My other small concern is that I find ‘web mail’ in whatever format really difficult to manage – particularly when shifting from web research to mail or and back again. I mentioned this on Twitter yesterday and the advice was to use pinned browser tabs or even a separate browser altogether. However, I find that what works best for me (and for many users I meet) is a separate app for email/calendar/to-dos (that’s currently Mailbox/BusyCal/Todoist in my world, but could be Notes or Outlook), even if this is just a lightweight container that renders the web views (think of MailPlane for GMail). I’d love to hear how IBM plans to deal with this for its own internal users – will all 300,000+ IBM mail users be expected to have a browser tab open all day for them to access their mail?
On the other hand, IBM Connections Next looked awesome, really really great. The new Verse-inspired UI looked fantastic, and is a credit to IBM’s renewed focus on ‘design-thinking’. In addition, the features that Luis Benitez demonstrated were really well received – not least the new and reimagined Homepage and Community Overview elements. We also heard of many planned enhancements to the IBM Connections Cloud SaaS platform – primarily to bring it up to feature parity with the on-premises release. It’s clearly a case of further evolution rather than the revolution that we’re seeing in Verse, but given IBM’s position in the ESN space, that’s no surprise. I really look forward to getting hold of some of the deeper-dive roadmap presentations to find out more. (One feature I am not keen but I know others will adore is that we’ll finally have full nested folders in Connections later this year!)
IBM plans to release a separate paid file sync tool based on Connections that will compete with Dropbox and Box. This is another good step into the ‘general tech utility’ space – a tool that doesn’t require an entire enterprise to buy into it in order to return demonstrable value.
As far as I could tell from the Twitter coverage, there was very little mention of Notes, Domino (apart from it’s integration into BlueMix) or Sametime in the OGS. I’m sure that this will disappoint many, but surprise few.
There was one significant omission as far as I am concerned:
One of the major stories of the past year has been the rise and rise of Slack and it’s contemporaries in the Social Communications space. These lightweight mobile chat platforms have rapidly grown in scope and popularity, and it’s now very unusual for me to meet a customer that doesn’t have at least one of these tools in use in a department or job function around the business. It’s not just Slack either – think of Hipchat (from Atlassian), Flowdock and Hall, all of which are doing well. Also, Cisco has launched Webex Project Squared, and Jive is working on Chime, both of which will compete in this area. All have dynamic mobile apps and most have lightweight desktop apps for OS X and Windows. I’m seeing these platforms compete with (and beat) solutions in both the ESN and IM categories.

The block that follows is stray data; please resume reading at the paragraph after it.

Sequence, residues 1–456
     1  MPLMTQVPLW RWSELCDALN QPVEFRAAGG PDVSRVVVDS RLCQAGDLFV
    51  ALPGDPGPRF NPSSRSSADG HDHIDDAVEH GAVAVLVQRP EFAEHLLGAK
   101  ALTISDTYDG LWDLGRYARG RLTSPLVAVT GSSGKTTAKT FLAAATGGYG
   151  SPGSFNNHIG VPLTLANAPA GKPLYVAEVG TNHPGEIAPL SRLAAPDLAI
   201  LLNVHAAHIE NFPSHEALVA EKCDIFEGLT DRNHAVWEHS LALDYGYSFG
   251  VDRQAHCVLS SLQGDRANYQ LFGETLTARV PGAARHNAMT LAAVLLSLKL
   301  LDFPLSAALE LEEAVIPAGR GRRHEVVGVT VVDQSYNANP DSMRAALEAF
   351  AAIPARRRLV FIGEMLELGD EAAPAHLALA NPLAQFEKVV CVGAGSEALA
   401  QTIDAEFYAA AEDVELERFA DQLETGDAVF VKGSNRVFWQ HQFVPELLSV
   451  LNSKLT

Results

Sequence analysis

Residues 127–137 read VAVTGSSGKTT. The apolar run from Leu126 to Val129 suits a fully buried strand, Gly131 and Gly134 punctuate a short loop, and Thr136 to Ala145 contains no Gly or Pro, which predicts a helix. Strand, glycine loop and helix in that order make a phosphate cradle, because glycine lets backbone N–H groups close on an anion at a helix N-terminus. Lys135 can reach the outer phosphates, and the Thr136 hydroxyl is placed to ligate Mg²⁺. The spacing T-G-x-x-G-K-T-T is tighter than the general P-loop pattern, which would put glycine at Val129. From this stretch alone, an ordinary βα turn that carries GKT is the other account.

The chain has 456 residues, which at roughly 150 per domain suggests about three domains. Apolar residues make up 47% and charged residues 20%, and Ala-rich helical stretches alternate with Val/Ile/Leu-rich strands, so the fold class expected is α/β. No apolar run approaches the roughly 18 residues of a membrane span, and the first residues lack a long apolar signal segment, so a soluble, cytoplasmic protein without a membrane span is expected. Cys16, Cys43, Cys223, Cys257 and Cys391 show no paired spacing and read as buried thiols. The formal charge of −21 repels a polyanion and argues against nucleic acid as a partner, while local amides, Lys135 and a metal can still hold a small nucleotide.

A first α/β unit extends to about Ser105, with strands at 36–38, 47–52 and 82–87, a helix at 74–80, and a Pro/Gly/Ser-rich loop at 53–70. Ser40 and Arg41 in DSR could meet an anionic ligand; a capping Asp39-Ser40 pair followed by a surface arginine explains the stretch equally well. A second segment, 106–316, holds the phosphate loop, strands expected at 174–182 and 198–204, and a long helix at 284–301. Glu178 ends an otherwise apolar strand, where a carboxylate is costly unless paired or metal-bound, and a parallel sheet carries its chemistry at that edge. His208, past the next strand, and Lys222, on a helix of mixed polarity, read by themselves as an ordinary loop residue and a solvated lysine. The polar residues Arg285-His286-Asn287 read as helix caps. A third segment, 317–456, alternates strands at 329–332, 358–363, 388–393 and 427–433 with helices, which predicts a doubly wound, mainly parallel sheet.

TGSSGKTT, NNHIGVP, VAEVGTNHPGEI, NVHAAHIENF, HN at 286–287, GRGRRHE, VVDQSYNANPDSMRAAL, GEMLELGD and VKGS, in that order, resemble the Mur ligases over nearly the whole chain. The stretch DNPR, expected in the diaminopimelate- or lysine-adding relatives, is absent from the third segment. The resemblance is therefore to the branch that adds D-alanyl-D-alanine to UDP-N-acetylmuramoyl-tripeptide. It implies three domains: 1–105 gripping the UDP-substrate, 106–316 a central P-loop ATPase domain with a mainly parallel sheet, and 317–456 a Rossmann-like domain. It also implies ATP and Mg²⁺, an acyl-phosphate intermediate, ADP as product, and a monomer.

In the IBM world, we’re still looking at the complex Sametime platform on-premises, or the more limited (though still complex) hosted variant. To get efficient persistent group chat functionality you would need Sametime Advanced. At the client level, we’re working with the 1 gigabyte (!) install that is the Eclipse-based rich client.
I am surprised that we didn’t hear IBM responding to this threat with either a completely new cloud-based Social Communications platform, or else a substantial commitment to to improve IM and group chat in the Connections Cloud solution.
As always, it sounds as though the social side of the conference has been as spectacular as always. People come and people go, but relationships built at previous events and maintained online tend to withstand change incredibly well.
As I stated at the top, all of the above has been gleaned from following the social media coverage and from speaking to trusted friends. What do you think? Do I have it right, or have I misjudged the conference as far as you’re concerned? I’d love to hear from you…
This Mac OS X app has always been phenomenally good at managing the audio inputs and outputs available to a Mac system, applying filters and effects, and then writing high-quality recordings out to just about any format you can name.
However, Audio Hijack Pro has become a little long in the tooth over the past few years, with the last significant update almost a decade ago. The UI certainly looked out of place on the recent versions of OS X – Mavericks and Yosemite.
The great news is that Rogue Amoeba has just release a brand spanking new version of the product – Audio Hijack 3:
Featuring a beautiful new UI, and significant new features, this looks a huge update for loyal users of the app.
The new app costs $49 for first-time buyers, or $25 as an upgrade.